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In a recent segment on his radio show, Dave Ramsey said, “The last 30 years, my portfolio has averaged over 12%, most years over 13%. It’s not difficult to beat the S&P 500. The S&P is just the average of the market.” My mind was racing when I saw this clip making its rounds on social media. First, are his return numbers actually valid? And second, is it really that easy to beat the S&P 500?  

I went to Morningstar, a Chicago-based independent investment research firm that compiles and analyzes fund, stock, and general market data, to look up the answer to the first question. Mr. Ramsey is a huge proponent of actively managed mutual funds and talks about them often on his show and website as core to his investment philosophy. I looked at large-cap mutual funds to see how many, over the prior 30 years, averaged more than 12% to try and understand how easy it would be to get to his magical returns over time. Unfortunately, Morningstar data only goes back 20 years, so I made do with a 20-year timeframe. Two thousand three hundred seventeen large-cap U.S. mutual funds have 20-year returns data in Morningstar. Of those, only 41 have averaged more than 12% over the last 20 years. The entire 41 tilted to large-cap growth (relying heavily on higher volatility investments in areas like technology), and 12 were index tracking (tracking the Nasdaq 100).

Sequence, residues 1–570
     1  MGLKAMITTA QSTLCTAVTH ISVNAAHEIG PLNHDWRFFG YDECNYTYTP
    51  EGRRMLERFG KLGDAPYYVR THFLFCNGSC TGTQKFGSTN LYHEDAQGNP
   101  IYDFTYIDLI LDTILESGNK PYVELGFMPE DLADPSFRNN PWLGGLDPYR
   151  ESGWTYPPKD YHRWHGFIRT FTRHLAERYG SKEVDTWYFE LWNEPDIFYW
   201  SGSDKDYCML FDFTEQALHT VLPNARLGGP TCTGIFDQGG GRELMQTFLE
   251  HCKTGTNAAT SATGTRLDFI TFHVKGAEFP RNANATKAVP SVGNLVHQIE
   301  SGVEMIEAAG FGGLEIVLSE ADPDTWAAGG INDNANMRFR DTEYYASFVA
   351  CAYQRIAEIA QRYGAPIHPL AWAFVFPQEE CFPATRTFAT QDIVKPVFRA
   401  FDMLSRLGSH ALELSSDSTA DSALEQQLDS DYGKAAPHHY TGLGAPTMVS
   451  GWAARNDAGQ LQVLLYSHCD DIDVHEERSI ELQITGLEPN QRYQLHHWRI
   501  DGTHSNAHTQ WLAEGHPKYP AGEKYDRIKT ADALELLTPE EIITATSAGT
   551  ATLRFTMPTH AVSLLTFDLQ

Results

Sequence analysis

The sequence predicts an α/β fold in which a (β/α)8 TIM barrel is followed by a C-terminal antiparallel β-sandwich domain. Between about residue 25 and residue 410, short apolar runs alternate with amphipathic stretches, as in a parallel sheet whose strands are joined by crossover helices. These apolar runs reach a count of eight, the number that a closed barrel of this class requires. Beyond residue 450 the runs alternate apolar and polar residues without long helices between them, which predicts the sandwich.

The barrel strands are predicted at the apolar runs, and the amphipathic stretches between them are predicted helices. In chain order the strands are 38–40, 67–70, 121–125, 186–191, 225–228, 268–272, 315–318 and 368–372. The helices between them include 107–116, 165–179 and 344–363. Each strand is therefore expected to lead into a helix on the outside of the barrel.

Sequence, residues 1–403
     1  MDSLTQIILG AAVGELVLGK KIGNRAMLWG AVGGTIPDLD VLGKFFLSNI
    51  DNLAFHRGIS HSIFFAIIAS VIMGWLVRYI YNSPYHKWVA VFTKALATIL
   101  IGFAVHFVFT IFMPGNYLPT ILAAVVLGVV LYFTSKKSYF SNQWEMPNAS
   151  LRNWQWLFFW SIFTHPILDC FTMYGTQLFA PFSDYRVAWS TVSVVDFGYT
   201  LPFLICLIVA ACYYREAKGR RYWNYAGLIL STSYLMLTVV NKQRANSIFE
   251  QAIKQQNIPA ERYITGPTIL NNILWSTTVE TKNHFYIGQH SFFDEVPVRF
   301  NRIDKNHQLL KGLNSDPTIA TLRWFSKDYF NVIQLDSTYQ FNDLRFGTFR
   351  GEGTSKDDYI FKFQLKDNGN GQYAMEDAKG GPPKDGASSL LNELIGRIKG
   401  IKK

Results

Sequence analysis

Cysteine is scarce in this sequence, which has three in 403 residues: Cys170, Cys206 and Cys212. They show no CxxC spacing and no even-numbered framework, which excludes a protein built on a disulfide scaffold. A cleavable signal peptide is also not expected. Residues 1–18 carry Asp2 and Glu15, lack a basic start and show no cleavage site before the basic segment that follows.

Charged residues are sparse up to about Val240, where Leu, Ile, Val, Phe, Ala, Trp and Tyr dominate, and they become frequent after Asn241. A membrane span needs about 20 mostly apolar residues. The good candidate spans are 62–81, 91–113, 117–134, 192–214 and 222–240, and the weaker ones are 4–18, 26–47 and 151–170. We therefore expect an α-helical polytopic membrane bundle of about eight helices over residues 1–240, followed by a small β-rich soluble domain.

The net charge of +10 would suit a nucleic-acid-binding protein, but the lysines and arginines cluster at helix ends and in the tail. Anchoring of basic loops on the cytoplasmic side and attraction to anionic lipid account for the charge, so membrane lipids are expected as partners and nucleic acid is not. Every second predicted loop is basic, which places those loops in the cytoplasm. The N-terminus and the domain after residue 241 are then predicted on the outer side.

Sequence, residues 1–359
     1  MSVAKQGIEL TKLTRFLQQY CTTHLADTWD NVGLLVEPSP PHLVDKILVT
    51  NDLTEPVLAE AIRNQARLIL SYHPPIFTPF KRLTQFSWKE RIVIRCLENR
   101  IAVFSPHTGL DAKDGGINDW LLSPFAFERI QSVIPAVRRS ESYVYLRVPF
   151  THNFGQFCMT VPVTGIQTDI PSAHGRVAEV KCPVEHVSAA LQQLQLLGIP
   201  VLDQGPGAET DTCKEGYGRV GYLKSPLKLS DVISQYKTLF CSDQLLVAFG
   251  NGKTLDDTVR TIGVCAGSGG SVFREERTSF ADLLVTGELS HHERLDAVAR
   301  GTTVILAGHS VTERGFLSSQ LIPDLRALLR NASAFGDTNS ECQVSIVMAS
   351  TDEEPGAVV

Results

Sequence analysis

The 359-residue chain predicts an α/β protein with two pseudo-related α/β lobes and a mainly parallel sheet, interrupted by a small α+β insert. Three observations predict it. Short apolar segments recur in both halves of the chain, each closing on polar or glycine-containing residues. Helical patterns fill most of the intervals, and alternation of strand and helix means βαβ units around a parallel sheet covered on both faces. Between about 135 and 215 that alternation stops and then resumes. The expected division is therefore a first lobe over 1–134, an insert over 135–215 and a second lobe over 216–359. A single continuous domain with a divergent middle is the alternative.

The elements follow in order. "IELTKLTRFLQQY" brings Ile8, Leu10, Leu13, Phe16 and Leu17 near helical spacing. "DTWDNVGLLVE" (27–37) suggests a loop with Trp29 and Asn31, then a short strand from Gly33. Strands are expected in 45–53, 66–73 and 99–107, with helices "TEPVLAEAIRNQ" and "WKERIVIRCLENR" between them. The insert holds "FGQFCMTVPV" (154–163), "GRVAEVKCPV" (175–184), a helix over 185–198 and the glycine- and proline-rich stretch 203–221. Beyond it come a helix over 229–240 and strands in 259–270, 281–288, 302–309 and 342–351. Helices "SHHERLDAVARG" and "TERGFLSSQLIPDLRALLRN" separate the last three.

So, of actively managed funds, 29 out of 2,317 were able to hit his 12% target. A staggering 98.75% failed to meet this return. The 2,317 mutual funds considered do not account for how many mutual funds in the large-cap US space have gone out of business or been liquidated over the past 20 years, which would likely drop your chances of picking a fund that did better below 1%. 

Having looked at Mr. Ramsey’s self-proclaimed returns, I focused on finding out how easy it is for a manager to beat the S&P 500. Luckily, Standard and Poors (S&P) publishes an annual report detailing this information. It’s called the SPIVA (which stands for S&P Indexes Versus Active) report, and it offers a pretty bleak assessment of finding an active manager that can beat the index over time (the data in the following chart is as of 12/31/2022). 

CHART ONE:   Source – S&P Dow Jones Indices, CRSP.

Chart 1 shows that a manager trying to beat the S&P 500 has a chance in the short term — say one to three years. Still, there is only a 50/50 chance of picking a manager who beats the index over one year and a little over 25% chance to pick a winner over three years. Once you extend out to 10 years, your chances of selecting an active manager that can beat the index drops to 10% and around 5% when you extend to 20 years. The tendency for indexes to outperform actively managed funds over time plays out in most market areas. If you’re interested in seeing the research, check it out here: spglobal.com/spdji/en/documents/spiva/spiva-us-year-end-2022.pdf